An Expert Q&A with Mark Young of Covington & Burling LLP on the EU Cybersecurity Act and its new cybersecurity certification schemes for information and communication technology (ICT) products, services, and processes, especially internet of things (IoT) devices. It also discusses how the Act supports the EU Directive on the Security of Network and Information Systems (Directive 2016/1148/EC) (NIS Directive), the expanded role for the EU Agency for Cybersecurity (ENISA), and what companies need to know about timelines and enforcement.
The EU General Affairs Council formally adopted the Regulation of the European Parliament and of the Council on ENISA (the European Union Agency for Cybersecurity) and on information and communication technology cybersecurity certification (Regulation (EU) 2017/0225) (Cybersecurity Act) on April 9, 2019. This action follows the European Parliament’s adoption on March 12. The Cybersecurity Act entered into force on May 7, 2019.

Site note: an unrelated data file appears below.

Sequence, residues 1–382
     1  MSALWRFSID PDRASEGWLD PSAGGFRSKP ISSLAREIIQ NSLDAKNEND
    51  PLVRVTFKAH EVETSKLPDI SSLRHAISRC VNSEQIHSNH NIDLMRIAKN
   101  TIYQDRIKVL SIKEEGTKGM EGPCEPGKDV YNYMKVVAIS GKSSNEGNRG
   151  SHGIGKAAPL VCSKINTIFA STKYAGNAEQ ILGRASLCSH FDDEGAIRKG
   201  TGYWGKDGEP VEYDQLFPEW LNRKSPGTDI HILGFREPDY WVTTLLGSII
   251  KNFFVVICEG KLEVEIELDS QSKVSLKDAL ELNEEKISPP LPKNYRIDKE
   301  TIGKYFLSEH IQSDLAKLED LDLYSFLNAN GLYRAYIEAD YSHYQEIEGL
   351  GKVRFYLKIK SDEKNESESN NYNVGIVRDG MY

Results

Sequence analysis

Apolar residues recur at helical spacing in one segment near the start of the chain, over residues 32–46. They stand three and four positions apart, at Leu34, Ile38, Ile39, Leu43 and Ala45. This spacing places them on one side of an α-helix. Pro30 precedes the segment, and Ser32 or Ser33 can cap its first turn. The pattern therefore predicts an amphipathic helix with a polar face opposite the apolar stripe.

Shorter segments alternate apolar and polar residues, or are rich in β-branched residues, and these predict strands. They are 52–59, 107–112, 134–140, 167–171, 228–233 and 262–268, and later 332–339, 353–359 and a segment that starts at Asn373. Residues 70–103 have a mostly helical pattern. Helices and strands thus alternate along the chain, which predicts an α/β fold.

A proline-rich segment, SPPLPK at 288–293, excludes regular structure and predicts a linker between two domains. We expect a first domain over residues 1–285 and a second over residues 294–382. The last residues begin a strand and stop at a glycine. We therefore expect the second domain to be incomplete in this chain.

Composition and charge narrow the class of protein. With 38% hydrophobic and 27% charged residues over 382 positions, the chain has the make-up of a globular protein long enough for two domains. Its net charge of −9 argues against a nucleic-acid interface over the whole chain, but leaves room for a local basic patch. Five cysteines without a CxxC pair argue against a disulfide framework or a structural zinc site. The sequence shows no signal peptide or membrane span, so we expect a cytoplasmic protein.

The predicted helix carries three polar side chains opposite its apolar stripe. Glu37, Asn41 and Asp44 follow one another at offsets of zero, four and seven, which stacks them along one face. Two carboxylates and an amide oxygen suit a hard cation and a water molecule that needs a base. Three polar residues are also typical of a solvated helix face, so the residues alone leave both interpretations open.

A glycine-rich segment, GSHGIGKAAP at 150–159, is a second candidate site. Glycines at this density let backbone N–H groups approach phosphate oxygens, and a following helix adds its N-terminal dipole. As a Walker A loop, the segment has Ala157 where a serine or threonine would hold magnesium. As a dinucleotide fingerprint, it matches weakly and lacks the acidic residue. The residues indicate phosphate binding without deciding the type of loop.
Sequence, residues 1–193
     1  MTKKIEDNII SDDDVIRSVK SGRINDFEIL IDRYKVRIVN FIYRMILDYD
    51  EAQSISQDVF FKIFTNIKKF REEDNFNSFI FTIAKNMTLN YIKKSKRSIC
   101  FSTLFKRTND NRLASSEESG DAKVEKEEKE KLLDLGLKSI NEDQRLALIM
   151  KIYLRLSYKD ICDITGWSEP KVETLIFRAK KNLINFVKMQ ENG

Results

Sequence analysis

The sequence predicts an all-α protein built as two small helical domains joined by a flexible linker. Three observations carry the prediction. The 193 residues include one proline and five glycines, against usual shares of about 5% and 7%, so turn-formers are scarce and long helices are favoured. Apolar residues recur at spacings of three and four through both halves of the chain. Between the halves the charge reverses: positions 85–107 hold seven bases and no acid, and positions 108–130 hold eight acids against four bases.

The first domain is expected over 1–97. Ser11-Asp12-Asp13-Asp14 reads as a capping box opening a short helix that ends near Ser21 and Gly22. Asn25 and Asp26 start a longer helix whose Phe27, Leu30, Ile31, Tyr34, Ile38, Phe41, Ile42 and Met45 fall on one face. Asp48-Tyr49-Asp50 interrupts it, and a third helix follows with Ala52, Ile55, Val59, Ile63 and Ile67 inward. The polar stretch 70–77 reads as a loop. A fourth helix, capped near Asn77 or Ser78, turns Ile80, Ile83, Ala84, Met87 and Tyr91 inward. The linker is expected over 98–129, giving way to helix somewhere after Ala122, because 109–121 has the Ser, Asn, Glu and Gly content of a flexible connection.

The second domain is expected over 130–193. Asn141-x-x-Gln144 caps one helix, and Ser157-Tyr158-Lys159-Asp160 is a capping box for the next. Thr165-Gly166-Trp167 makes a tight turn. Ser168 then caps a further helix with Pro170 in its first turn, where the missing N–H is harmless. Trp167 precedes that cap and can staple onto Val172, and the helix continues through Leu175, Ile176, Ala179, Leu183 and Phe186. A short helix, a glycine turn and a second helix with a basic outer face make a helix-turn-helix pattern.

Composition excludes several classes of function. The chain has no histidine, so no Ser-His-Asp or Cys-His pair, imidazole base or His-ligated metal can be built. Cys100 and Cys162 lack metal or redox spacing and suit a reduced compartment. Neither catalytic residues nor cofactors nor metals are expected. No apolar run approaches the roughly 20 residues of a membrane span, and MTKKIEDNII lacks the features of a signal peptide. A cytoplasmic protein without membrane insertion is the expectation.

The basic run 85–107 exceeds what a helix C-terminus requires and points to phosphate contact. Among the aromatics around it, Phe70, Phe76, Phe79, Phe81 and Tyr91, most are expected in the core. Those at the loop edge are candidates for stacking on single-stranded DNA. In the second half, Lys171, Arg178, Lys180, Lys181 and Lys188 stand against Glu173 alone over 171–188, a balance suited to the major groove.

The Cybersecurity Act:
- Reinforces the mandate for
- Establishes an EU Cybersecurity Certification Framework (Framework) to:
- increase the transparency of cybersecurity assurance levels in information and communication technology (ICT) products, services, and processes;
- improve trust and help end users make informed choices; and
- lower costs by avoiding conflicting or overlapping national